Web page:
Monday, May 4, 2009

So this pig walks into a bar

In a way, it felt like the opposite of a "desert island" question. You know: If you were stranded on a desert island, what (book, movie, person) would you want to have with you? Or perhaps the "if you could take one material possession with you as you left your home in a disaster situation, what would it be?"

Only the exercise was: If this is one of your last opportunities to lay in a supply of essentials ahead of a pandemic that could disrupt food supplies and/or negate access to public places such as grocery stores, what will you buy?

Apparently toilet paper and coffee are very important to me.

My trip last Friday to the giant warehouse store was made not simply because we were almost out of toilet paper, but also because we believed it prudent to stock up a little. While we are the kind of people who take things like pandemics seriously, we are also the kind of people who understand that without the capacity to afford and store a 3-month supply of everything we might need (including water, given that our well pump requires electricity to operate) then the exercise is more about temporary peace of mind. But peace of mind can be important. Feeling that you are doing something rather than nothing, and that the 'something' isn't counter-productive in the long run, can be important too. So we've got 72 rolls of toilet paper (hey -- giant warehouse store -- remember?) and enough coffee, sugar, and evaporated milk to get me through a host of mornings. I learned that the ingredients for making chocolate chip cookies felt important to me (retaining a sense of normalcy, and ignoring the electricity question since the stove is all electric), as did soup, pasta, rice, and peanut butter.

What I also found interesting at the giant warehouse store AND at the regular grocery store on Saturday was that retailers were expecting me. Hugely overstocked supplies of bottled water were very evident at both places. What I also found interesting was that I appeared to be the only shopper thinking the worst. Clearly at the giant warehouse store I was the only person with an apocalyptic agenda.

Rather than feeling relieved or foolish, we are simply hopeful that the news continues to improve on H1N1. We understand the science, as much as lay people can, of what's coming, even if H1N1 does not turn out to be 'it.'

And we go about our lives, continuing to clean house and mow the lawn and do laundry because you can't stop living. We keep going to our soccer games, too.

Dean, in the green, continues to love the game and to play it with passion. Last week (when this picture was taken) he scored a goal and had 2 assists. This week, he had his first foul called on him. As it happens, he and the other player were both going for the ball and the other player tripped over his own feet -- we and the other spectators were closer to the action than the referee (although none of us would ever question a ref's call). But the fact that Dean 'might' have fouled someone was interesting to all of us -- Dean, me and Ken, the other spectators. It has taken Dean years of playing to get a certain degree of competitive edge about him. He is as polite and non-physical a kid as you would hope to meet, and had generally applied his rules of good behavior (take turns, give people their space, don't bump or otherwise use your body to get your way) to his soccer game play.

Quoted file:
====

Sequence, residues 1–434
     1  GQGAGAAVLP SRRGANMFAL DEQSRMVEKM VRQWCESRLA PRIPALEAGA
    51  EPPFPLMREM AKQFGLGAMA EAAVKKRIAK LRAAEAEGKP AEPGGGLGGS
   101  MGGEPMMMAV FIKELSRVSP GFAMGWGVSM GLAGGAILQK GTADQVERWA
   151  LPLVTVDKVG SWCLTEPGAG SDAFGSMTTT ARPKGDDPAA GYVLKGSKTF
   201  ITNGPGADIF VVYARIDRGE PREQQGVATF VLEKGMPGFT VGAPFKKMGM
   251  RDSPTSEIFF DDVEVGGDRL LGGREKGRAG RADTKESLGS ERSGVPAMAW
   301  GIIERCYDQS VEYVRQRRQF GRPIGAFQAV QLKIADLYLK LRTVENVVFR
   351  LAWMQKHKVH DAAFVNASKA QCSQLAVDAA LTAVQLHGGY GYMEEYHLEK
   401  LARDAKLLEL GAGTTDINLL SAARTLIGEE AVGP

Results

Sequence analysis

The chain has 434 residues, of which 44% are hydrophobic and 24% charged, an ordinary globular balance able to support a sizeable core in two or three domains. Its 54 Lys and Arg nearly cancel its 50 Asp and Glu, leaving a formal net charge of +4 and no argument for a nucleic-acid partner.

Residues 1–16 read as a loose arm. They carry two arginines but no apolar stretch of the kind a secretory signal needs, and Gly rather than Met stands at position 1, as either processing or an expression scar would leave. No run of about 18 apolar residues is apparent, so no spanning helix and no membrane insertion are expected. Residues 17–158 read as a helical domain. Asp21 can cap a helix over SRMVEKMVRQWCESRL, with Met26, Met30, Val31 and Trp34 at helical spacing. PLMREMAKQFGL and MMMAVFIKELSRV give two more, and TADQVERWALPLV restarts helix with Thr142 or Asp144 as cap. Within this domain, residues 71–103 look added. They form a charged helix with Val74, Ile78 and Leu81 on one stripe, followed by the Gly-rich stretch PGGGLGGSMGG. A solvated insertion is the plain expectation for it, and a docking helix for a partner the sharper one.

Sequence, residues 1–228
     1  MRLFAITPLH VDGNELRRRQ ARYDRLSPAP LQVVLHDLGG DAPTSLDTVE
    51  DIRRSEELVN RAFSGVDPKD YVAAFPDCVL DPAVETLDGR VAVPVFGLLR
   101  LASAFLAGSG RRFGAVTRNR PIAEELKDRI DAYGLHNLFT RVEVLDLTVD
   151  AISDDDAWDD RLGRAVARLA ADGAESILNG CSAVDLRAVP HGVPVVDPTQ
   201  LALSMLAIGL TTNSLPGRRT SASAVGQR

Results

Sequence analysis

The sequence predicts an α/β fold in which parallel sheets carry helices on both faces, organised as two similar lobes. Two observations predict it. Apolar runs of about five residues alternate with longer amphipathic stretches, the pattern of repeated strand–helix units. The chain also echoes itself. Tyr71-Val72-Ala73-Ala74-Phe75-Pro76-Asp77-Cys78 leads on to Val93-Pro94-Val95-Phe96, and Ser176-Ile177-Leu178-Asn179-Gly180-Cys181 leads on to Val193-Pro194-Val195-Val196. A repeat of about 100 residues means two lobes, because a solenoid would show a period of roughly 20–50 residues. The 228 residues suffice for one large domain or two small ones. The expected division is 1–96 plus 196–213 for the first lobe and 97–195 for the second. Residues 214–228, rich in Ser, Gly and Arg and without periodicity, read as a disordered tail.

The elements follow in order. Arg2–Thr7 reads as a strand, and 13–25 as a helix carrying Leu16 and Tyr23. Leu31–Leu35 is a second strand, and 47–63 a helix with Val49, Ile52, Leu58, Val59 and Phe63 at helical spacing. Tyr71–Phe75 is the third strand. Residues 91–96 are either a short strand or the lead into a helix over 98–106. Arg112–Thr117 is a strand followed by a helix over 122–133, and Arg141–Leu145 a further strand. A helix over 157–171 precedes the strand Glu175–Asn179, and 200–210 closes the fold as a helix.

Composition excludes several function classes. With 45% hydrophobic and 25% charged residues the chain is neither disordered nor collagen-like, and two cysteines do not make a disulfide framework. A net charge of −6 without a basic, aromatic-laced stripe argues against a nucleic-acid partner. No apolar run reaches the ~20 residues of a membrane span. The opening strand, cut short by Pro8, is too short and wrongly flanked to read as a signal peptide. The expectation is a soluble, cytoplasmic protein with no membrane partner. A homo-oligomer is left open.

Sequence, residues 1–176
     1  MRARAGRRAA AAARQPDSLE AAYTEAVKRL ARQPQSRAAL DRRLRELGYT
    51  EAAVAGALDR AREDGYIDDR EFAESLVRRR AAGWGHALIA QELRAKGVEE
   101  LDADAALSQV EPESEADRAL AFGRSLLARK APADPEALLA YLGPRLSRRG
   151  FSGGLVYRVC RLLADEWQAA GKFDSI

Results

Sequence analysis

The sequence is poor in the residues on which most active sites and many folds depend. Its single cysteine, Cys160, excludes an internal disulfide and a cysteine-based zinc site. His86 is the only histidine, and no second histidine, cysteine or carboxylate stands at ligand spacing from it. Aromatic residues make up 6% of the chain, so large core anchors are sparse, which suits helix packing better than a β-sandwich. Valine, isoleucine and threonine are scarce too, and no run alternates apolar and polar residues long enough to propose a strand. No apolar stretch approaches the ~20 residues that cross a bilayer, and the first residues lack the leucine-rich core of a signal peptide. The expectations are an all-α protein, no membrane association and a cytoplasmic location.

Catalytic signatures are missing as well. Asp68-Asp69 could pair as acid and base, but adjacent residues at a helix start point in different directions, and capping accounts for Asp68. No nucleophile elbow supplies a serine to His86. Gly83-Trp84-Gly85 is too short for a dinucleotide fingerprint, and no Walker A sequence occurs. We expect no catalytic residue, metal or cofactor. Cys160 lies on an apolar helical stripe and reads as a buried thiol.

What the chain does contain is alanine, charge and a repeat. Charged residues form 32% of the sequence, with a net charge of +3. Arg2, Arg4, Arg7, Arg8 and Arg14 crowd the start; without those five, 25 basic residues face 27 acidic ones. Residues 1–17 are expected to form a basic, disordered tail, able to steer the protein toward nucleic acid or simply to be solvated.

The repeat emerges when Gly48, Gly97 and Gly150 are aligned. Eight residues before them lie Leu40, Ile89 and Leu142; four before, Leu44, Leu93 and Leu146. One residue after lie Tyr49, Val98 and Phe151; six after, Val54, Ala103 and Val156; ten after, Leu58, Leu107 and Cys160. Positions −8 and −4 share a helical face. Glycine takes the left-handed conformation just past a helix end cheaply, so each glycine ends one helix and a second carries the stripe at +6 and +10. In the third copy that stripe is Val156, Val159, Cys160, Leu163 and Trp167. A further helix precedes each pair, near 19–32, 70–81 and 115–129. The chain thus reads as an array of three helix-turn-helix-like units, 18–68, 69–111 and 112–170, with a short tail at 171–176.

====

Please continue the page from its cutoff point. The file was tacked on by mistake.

We would always rather have a child who is kind than a child who does whatever it takes to win. We would be mortified if he ever intentionally caused a foul by pushing, shoving, kicking, tripping (as other players in his league do). But we are happy to see him learn to appropriately stand his ground. We are relieved to see him fall and then get right back up again. And we are happiest to see him feel good about a game regardless of the score at the end.

Wishing you good health, seasonally appropriate weather, and everything you need to make chocolate chip cookies in an emergency.


Natalie said...

I understand. I agree. I appreciate. I admire. I missed you.

Helen Conway said...

I totally understand the 'need to do something' concept but I am not following... how is a lot of people getting flu going to affect the electricty supply?

Jennifer said...

And in case you were wondering, too:
There are models of catastrophic pandemics that result in a complete shutdown; that power plants don't have the staffing, resources, etc., to continue functioning. That if you had a power outage for other reasons (huge spike in demands that cause blackouts, or a natural "disaster" such as tree limbs pulling down power lines) you wouldn't have the staff available to go out and do the repairs. That it's not just a matter of closing down public places like grocery stores to contain the spread, but also that so many people are ill or dying that the ability to produce, ship, and distribute food is disrupted.

Horrible to think about, but there it is.

willywagtail said...

Apparently vegemite, 2 min noodles, almonds and multivitamins as well as painkillers or fever reducers are also important. I stocked up on noodles and have a goodly supply of milk powder and muesli (very important). Cherrie

willywagtail said...

O by the way, small camp stoves are available from the big chain stores and supermarkets and I am told the aerosols for them last a goodly whild. Also outside solar lights make great sustainable lights for the evenings for readin , playing cards, etc.(also for sleeping in tents)